# Carbon 14 dating percentage

When finding the age of an organic organism we need to consider the half-life of **carbon** 14 as well as the rate of decay, which is –0.693.

For example, say a fossil is found that has 35% **carbon** 14 compared to the living sample. We can use a formula for **carbon** 14 **dating** to find the answer.

This means the above calculations are only evolution speculation and NOT backed up by real science.

So, the fossil is 8,680 years old, meaning the living organism died 8,680 years ago.

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By looking at the ratio of **carbon**-12 to **carbon**-14 in the sample and comparing it to the ratio in a living organism, it is possible to determine the age of a formerly living thing fairly precisely. So, if you had a fossil that had 10 percent **carbon**-14 compared to a living sample, then that fossil would be: t = [ ln (0.10) / (-0.693) ] x 5,700 years t = [ (-2.303) / (-0.693) ] x 5,700 years t = [ 3.323 ] x 5,700 years Because the half-life of **carbon**-14 is 5,700 years, it is only reliable for **dating** objects up to about 60,000 years old.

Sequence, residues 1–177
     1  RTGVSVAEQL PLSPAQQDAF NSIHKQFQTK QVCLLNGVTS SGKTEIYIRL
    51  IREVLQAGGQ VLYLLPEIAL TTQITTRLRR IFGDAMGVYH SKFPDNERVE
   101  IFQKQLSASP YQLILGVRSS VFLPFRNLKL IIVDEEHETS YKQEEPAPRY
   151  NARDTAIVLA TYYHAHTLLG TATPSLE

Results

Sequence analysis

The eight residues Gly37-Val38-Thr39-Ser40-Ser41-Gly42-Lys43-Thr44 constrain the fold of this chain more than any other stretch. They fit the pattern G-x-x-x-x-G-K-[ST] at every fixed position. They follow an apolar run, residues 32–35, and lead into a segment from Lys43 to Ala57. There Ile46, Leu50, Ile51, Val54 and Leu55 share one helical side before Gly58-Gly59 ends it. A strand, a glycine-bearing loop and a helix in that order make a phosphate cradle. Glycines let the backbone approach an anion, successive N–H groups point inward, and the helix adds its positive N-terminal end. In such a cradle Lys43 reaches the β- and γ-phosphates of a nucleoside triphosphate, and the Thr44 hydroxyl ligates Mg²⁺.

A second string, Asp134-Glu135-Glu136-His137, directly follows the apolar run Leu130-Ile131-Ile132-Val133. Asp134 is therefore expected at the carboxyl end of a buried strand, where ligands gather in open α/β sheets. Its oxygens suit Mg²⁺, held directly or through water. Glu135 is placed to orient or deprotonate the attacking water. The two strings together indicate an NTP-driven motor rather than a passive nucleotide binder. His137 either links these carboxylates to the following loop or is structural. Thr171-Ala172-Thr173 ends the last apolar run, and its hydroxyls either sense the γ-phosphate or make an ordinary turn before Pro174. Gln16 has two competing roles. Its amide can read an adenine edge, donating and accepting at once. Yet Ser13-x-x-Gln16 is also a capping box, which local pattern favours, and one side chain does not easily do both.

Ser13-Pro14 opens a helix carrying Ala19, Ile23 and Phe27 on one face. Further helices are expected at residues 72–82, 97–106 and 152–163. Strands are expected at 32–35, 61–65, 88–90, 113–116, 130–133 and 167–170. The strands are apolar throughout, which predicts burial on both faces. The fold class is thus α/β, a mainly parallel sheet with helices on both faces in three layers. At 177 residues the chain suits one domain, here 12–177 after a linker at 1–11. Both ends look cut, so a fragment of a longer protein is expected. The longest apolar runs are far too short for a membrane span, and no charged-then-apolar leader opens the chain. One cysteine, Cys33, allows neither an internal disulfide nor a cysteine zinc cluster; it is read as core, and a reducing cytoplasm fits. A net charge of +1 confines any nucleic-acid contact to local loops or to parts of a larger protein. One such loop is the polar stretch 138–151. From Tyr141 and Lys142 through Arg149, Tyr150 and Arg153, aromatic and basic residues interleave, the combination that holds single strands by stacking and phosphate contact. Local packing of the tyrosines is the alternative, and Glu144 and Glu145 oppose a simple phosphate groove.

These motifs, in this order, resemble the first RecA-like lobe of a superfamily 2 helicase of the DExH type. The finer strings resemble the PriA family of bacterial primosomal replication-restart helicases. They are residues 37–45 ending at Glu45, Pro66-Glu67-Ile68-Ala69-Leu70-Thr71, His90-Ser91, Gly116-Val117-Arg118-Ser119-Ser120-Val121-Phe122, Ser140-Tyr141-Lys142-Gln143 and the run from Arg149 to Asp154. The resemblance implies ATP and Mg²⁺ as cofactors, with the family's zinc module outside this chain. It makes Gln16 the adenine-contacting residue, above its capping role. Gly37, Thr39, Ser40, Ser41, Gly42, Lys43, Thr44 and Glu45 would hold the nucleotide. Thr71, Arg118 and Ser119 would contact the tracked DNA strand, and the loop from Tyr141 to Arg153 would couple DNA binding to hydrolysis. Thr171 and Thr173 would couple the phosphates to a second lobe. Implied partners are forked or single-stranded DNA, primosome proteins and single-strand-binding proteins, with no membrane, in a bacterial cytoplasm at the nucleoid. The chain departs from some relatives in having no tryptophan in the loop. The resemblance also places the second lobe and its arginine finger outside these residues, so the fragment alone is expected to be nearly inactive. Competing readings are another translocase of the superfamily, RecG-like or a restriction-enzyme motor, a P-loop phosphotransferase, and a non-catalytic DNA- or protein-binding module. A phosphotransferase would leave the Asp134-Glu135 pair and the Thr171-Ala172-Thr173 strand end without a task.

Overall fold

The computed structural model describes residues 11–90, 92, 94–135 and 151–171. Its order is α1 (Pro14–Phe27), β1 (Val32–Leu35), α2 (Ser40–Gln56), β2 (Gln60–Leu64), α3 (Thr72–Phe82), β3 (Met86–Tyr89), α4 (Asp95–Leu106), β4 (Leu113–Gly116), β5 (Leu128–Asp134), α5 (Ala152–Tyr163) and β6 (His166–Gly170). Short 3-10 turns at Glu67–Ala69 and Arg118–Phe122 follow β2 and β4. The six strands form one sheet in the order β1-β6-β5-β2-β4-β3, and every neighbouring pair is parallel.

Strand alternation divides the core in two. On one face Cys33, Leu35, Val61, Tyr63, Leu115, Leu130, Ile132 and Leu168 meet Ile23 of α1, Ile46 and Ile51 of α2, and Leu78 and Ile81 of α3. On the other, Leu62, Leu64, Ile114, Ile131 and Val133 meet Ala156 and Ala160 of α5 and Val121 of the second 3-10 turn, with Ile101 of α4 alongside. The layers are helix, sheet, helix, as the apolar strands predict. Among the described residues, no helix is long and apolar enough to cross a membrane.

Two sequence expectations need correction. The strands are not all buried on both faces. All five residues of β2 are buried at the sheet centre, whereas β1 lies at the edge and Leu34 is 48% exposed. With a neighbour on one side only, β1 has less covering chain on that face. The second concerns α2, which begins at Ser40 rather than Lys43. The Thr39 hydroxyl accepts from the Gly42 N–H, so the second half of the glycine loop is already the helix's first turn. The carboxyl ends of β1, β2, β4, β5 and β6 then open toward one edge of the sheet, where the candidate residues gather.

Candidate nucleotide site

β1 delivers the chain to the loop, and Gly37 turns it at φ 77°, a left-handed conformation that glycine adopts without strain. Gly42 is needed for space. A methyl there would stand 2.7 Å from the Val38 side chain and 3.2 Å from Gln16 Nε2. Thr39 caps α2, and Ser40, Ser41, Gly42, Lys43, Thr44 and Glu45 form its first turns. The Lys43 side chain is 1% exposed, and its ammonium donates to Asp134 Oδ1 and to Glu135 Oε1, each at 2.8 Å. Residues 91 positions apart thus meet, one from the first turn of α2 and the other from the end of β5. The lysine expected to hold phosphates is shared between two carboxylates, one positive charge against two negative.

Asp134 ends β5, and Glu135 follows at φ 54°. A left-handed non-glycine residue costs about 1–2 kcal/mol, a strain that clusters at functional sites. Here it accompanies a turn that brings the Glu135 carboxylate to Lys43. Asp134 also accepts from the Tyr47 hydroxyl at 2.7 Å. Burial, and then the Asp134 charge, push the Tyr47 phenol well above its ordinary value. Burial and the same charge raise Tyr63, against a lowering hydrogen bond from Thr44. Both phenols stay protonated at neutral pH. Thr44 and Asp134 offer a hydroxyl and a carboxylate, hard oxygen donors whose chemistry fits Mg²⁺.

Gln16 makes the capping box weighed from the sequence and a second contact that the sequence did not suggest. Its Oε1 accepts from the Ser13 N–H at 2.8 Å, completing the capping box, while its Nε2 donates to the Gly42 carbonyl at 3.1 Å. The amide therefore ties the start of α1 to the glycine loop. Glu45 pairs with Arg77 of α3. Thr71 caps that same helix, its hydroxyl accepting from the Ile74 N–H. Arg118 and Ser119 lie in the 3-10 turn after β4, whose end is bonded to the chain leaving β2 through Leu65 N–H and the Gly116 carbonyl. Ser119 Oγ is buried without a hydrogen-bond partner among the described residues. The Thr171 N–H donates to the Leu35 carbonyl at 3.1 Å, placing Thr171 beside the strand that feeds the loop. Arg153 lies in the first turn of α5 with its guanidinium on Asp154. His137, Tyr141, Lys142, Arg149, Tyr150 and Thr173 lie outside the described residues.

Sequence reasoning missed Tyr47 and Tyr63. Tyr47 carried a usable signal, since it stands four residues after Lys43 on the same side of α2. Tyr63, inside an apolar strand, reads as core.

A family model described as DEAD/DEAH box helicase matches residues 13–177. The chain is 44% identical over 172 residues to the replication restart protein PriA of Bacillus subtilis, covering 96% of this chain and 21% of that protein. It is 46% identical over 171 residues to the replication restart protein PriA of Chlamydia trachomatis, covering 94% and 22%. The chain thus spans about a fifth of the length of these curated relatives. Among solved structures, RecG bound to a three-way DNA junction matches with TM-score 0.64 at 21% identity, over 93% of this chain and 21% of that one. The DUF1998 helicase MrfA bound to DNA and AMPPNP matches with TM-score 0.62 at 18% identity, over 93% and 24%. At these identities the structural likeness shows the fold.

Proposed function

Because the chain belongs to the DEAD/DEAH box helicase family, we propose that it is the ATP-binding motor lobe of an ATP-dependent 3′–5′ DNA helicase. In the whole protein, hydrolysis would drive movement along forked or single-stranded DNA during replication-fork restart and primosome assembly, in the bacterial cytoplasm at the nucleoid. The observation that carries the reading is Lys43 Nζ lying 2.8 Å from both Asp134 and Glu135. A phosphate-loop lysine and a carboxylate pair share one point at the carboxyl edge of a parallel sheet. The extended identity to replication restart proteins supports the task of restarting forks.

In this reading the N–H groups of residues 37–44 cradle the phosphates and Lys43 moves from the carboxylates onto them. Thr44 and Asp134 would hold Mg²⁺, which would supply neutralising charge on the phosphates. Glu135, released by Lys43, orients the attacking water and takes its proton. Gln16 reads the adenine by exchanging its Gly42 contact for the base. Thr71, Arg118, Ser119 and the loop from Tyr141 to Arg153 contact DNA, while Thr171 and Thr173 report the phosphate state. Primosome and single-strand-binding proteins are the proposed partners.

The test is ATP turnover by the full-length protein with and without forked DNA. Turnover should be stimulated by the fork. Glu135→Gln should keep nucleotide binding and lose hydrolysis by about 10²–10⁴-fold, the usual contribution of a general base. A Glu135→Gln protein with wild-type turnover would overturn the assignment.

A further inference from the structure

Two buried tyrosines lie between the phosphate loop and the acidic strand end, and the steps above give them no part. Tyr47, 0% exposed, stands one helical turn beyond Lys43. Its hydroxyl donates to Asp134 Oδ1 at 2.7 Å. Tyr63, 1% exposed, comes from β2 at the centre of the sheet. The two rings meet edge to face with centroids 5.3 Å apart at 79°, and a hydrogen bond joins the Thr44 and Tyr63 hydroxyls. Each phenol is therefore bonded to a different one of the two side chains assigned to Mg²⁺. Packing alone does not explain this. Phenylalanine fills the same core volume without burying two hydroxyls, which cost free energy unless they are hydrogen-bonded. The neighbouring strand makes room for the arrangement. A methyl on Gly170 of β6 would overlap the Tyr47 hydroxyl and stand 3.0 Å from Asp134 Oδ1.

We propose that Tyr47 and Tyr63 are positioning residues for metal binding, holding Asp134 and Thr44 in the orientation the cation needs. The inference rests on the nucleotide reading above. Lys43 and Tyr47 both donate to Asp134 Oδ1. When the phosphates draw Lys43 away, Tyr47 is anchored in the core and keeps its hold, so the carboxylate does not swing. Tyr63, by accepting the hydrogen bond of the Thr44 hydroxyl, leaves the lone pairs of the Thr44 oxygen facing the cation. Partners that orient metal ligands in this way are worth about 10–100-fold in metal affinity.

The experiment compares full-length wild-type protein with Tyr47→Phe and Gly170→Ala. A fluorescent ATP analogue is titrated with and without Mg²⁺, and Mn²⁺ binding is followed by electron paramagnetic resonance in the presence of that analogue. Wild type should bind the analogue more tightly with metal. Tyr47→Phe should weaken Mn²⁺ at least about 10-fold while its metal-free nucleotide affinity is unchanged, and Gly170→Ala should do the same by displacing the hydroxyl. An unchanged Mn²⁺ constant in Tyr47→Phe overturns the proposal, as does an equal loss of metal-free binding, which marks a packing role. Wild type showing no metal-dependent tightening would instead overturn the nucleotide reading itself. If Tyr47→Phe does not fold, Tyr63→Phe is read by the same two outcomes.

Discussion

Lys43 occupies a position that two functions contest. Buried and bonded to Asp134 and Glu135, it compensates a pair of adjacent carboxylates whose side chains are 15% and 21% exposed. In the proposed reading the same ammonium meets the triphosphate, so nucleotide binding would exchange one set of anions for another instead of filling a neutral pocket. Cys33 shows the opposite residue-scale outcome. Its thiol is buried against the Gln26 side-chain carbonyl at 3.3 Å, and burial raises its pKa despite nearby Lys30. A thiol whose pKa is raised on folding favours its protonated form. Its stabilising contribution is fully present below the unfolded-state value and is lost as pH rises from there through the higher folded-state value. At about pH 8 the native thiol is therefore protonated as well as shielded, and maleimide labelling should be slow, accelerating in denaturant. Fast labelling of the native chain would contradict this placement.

However, the principle of *carbon*-14 *dating* applies to other isotopes as well.

After 5,730 years, the amount of **carbon** 14 left in the body is half of the original amount.

If the amount of **carbon** 14 is halved every 5,730 years, it will not take very long to reach an amount that is too small to analyze.In the case of radiocarbon **dating**, the half-life of **carbon** 14 is 5,730 years.This half life is a relatively small number, which means that **carbon** 14 **dating** is not particularly helpful for very recent deaths and deaths more than 50,000 years ago.The ratio of *carbon*-12 to *carbon*-14 at the moment of death is the same as every other living thing, but the *carbon*-14 decays and is not replaced.The *carbon*-14 decays with its half-life of 5,700 years, while the amount of *carbon*-12 remains constant in the sample.A 10 gram sample of U-238Now that has changed, and some important discoveries are being made.